10 Commandments for Being a Happy Writer

Hey, writers and wannabe writers, are you happy with your writing career?

I know a lot of writers, and many of them aren't really happy.

Some of them are successful in terms of writing, publishing, and selling, but they're overwhelmed by the cumbersome process of being successful in today's competitive marketplace.

So how do you make peace with the constant demands on an author in today's world? Try these simple rules for being a Happy Writer.

1. Don't let other people's ideas about what constitutes literature affect what you want to write.

2. To sell, you must offer the books readers want to buy. Research the top 10 or 20 books in every genre and see what's selling. Are the same kinds of books selling in indie self-publishing as in traditional publishing? If not, why not? Study the market constantly.

3. Learn to want what the market wants. My husband was an energy trader. One of the first things he said he learned is that you must want what the market wants.

If the markets are moving up then you must want to take a position that takes advantage of market movement.

If the reading market is moving toward a particular genre, find something about that genre that really appeals to you and try writing in that genre.

4. Create your own niche in a genre. The most successful authors are those who find a narrow niche within a genre and write to that market, i.e., Highland Romance, Urban Fantasy that creates a different take on reality, etc.

5. Remember, there is no one way to succeed. What works for Nora Roberts may not work for you so you must learn what works for you. Know yourself, your abilities, your aptitudes, your desires, your ability to create, and how long it takes you to create a story from beginning to end.

6. Avoid being a literary snob. Every genre exists because there's an audience for it. Respect what other people read whether you read it or not.

7. Never take a book review to heart. A review is just one person's opinion of a book. You'll get good ones, and you'll get bad ones.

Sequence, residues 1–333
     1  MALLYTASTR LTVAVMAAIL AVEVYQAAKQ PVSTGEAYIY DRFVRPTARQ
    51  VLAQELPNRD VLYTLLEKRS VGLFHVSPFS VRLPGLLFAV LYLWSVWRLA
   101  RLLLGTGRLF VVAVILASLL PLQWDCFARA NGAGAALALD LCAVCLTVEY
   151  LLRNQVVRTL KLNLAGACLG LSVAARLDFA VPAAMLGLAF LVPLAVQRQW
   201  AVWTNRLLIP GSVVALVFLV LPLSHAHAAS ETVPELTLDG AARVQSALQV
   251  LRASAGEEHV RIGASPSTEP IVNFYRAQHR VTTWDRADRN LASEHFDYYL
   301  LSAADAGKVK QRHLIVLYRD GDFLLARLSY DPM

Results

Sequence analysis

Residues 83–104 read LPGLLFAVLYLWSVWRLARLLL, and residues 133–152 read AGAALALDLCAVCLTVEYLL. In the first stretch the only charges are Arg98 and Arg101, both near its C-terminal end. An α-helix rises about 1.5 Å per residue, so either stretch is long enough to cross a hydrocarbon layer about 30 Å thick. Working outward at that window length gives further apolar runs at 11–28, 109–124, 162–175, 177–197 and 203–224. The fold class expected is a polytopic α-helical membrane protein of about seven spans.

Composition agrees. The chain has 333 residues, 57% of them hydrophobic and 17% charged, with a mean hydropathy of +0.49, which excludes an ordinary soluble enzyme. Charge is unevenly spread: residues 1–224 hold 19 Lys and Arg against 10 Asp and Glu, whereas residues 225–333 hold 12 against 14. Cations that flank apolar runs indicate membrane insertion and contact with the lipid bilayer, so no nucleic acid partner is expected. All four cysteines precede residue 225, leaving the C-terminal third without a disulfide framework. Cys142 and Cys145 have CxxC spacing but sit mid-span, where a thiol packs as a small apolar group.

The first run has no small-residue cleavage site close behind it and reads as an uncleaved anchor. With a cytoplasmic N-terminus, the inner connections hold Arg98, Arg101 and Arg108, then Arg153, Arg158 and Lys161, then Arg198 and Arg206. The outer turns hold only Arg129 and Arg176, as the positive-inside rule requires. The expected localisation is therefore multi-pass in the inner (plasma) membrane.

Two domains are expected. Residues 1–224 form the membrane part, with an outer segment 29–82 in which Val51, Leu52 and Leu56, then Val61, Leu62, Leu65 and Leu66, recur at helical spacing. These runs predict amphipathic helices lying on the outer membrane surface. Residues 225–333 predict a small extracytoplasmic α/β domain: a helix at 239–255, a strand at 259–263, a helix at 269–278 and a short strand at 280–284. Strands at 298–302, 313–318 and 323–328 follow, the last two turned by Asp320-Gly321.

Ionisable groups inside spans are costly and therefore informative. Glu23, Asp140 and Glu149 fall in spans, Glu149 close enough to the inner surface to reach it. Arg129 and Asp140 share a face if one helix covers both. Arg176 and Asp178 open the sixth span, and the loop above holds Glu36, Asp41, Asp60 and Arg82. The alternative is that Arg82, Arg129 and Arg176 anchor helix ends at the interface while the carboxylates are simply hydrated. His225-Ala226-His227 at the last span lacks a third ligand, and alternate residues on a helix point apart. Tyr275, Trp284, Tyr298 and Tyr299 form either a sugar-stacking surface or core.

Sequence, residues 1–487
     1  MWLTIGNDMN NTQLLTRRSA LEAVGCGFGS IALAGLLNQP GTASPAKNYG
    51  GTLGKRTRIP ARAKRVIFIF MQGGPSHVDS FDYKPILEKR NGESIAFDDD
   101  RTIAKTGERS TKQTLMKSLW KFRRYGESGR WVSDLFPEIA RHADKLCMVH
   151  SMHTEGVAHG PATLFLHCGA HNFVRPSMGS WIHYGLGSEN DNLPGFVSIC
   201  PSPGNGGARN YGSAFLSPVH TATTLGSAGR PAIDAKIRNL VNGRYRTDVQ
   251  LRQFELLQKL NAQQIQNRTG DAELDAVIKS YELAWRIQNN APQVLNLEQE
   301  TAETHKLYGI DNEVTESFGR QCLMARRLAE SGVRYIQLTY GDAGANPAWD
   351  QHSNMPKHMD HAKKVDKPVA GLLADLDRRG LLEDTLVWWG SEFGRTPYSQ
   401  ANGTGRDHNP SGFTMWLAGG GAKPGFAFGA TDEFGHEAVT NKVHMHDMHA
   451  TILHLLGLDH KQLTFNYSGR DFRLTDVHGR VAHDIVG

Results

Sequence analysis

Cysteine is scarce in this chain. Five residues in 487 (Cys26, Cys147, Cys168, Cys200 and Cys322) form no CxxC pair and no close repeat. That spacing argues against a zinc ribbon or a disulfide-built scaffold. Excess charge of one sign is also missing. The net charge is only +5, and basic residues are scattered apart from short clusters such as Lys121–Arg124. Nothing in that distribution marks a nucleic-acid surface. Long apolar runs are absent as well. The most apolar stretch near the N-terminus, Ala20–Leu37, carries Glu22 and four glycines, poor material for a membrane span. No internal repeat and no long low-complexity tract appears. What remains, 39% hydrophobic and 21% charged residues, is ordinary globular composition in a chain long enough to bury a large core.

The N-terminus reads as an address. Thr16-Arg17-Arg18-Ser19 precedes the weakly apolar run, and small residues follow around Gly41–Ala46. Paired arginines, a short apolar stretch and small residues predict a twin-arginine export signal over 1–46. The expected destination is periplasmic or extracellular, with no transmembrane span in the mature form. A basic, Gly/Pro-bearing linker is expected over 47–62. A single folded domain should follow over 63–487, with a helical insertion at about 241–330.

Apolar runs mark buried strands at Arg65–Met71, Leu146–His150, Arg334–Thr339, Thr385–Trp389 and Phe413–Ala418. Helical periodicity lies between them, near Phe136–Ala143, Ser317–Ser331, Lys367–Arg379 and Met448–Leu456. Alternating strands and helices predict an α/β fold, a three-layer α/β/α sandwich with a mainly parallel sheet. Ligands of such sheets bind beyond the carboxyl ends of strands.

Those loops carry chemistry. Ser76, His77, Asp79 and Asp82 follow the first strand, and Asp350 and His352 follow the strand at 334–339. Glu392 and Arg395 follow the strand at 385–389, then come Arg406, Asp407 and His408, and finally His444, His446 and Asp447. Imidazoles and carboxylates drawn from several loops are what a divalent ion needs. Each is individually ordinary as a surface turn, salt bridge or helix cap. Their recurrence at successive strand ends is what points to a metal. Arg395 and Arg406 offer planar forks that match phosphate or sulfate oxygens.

If the bad ones destroy you, stop reading them.

If you want to know when you get good ones, ask a trusted friend or family member to read the reviews and copy and paste the good ones with all the details into a document for you.

Don't take the good ones to heart either lest you get an unrealistic view of your abilities. Good reviews are also just the readers' opinions.

8. Never think your words are carved in granite. Any agent, editor, or critique partner will tell you they're not. Learn to take editorial guidance without getting upset.

9.  When it comes to marketing and promotion, figure out a strategy that works for you without sacrificing your writing time.

Publishing frequently is a key to success in today's world.

It's far better to write for hours on end than to be on social media for even a fraction of that time.

10. Always remember the joy of writing—putting words together to show a reader the story you see in your imagination.

In the end, what Leo Rosten said is the truth: "The only reason for being a professional writer is that you can’t help it."

Takeaway Truth

Words sing. They hurt. They teach. They sanctify. They were man's first immeasurable feat of magic. —Leo Rosten

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